requirements dictated by the architecture and the ABI.  Possible use
          cases include:

                o   Mixing assembly and C code.

                o   Dealing with hardware that may impose alignment
                    requirements greater than the architecture itself.

                o   Using instructions that may impose special alignment
                    requirements.  Typical example would be alignment of
                    frequently used objects along processor cache lines.

          Note that when used with functions, structures, or structure
          members, __aligned() can only be used to increase the alignment.  If
          the macro is however used as part of a typedef, the alignment can
          both increase and decrease.  Otherwise it is only possible to
          decrease the alignment for variables and fields by using the
          __packed macro.  The effectiveness of __aligned() is largely
          dependent on the linker.  The __alignof__(3) operator can be used to
          examine the alignment.

          The __section() macro expands to an attribute that specifies a
          particular section to which a variable or function should be placed.
          Normally the compiler places the generated objects to sections such
          as ``data'' or ``text''.  By using __section(), it is possible to
          override this behavior, perhaps in order to place some variables
          into particular sections specific to unique hardware.

          The __read_mostly macro uses __section() to place a variable or
          function into the ``.data.read_mostly'' section of the (kernel)
          elf(5).  The use of __read_mostly allows infrequently modified data
          to be grouped together; it is expected that the cachelines of rarely
          and frequently modified data structures are this way separated.
          Candidates for __read_mostly include variables that are initialized
          once, read very often, and seldom written to.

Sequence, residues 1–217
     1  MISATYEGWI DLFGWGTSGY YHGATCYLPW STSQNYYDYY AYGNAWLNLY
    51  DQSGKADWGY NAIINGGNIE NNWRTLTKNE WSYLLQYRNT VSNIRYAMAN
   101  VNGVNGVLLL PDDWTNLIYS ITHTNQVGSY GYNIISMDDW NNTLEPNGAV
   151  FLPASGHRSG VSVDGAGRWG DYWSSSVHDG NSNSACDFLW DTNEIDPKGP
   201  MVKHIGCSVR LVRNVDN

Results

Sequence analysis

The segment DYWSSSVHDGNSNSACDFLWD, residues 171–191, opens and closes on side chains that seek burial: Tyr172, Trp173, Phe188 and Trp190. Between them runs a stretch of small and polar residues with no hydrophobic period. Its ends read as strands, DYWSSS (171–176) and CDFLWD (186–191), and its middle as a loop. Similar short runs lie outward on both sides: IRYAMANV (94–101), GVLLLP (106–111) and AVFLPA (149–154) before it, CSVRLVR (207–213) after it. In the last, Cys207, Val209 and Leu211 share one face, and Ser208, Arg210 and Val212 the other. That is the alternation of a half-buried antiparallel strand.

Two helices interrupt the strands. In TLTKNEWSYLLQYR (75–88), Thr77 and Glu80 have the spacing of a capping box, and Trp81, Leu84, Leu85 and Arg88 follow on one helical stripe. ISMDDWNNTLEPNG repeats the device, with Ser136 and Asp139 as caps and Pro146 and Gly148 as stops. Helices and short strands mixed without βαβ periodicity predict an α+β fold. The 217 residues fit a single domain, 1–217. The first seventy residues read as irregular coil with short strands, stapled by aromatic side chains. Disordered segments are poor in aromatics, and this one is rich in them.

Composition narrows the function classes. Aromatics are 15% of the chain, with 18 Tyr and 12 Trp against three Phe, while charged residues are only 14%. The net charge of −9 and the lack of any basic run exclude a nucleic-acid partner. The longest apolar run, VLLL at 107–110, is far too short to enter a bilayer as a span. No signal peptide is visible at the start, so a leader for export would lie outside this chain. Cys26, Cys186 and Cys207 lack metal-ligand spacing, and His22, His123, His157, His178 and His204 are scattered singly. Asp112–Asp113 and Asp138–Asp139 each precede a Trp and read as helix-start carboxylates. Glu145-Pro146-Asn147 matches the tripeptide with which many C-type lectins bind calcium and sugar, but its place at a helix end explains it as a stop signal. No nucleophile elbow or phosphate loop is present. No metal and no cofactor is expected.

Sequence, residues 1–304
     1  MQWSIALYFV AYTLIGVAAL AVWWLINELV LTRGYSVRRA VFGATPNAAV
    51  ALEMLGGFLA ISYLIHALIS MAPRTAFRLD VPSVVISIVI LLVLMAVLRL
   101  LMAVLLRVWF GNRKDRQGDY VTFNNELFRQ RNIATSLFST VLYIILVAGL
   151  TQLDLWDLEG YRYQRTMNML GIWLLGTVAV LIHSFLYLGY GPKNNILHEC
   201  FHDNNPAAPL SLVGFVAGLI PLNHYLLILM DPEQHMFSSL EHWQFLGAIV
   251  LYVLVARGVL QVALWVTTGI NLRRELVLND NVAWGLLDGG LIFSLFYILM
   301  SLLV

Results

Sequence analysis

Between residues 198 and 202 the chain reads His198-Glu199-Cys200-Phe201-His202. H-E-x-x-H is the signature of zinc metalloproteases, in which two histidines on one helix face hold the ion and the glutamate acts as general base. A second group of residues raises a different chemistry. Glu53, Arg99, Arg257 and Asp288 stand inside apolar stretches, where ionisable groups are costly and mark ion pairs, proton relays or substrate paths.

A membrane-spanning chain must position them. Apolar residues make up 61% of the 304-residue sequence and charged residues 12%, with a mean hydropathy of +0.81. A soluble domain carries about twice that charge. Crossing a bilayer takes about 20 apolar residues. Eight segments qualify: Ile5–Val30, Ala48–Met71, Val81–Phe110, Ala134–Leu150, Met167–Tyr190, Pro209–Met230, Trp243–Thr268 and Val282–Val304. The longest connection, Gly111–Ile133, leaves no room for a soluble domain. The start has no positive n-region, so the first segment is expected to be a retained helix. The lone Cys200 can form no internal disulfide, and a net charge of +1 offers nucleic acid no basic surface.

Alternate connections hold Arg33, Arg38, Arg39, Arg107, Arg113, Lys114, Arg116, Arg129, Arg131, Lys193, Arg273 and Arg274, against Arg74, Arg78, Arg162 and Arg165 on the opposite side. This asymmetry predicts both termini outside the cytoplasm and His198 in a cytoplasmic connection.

The __cacheline_aligned macro behaves like __read_mostly, but the
          used section is ``.data.cacheline_aligned'' instead.  It also uses
          __aligned() to set the minimum alignment into a predefined coherency
          unit.  This should ensure that frequently used data structures are
          aligned on cacheline boundaries.  Both __cacheline_aligned and
          __read_mostly are only available for the kernel.

          A branch is generally defined to be a conditional execution of a
          program depending on whether a certain flow control mechanism is
          altered.  Typical example would be a ``if-then-else'' sequence used
          in high-level languages or a jump instruction used in machine-level
          code.  A branch prediction would then be defined as an attempt to
          guess whether a conditional branch will be taken.

          The macros __predict_true() and __predict_false() annotate the
          likelihood of whether a branch will evaluate to true or false.  The
          rationale is to improve instruction pipelining.  Semantically
          __predict_true expects that the integral expression exp equals 1.

          The __predict_false expands to an attribute that instructs the
          compiler to predict that a given branch will be likely false.  As
          programmers are notoriously bad at predicting the likely behavior of
          their code, profiling and empirical evidence should precede the use
          of __predict_false and __predict_true.

     gcc(1), __builtin_object_size(3), cdefs(3), c(7)

     It goes without saying that portable applications should steer clear from
     non-standard extensions specific to any given compiler.  Even when
     portability is not a concern, use these macros sparsely and wisely.

NetBSD 6.1.5                   December 19, 2010                  NetBSD 6.1.5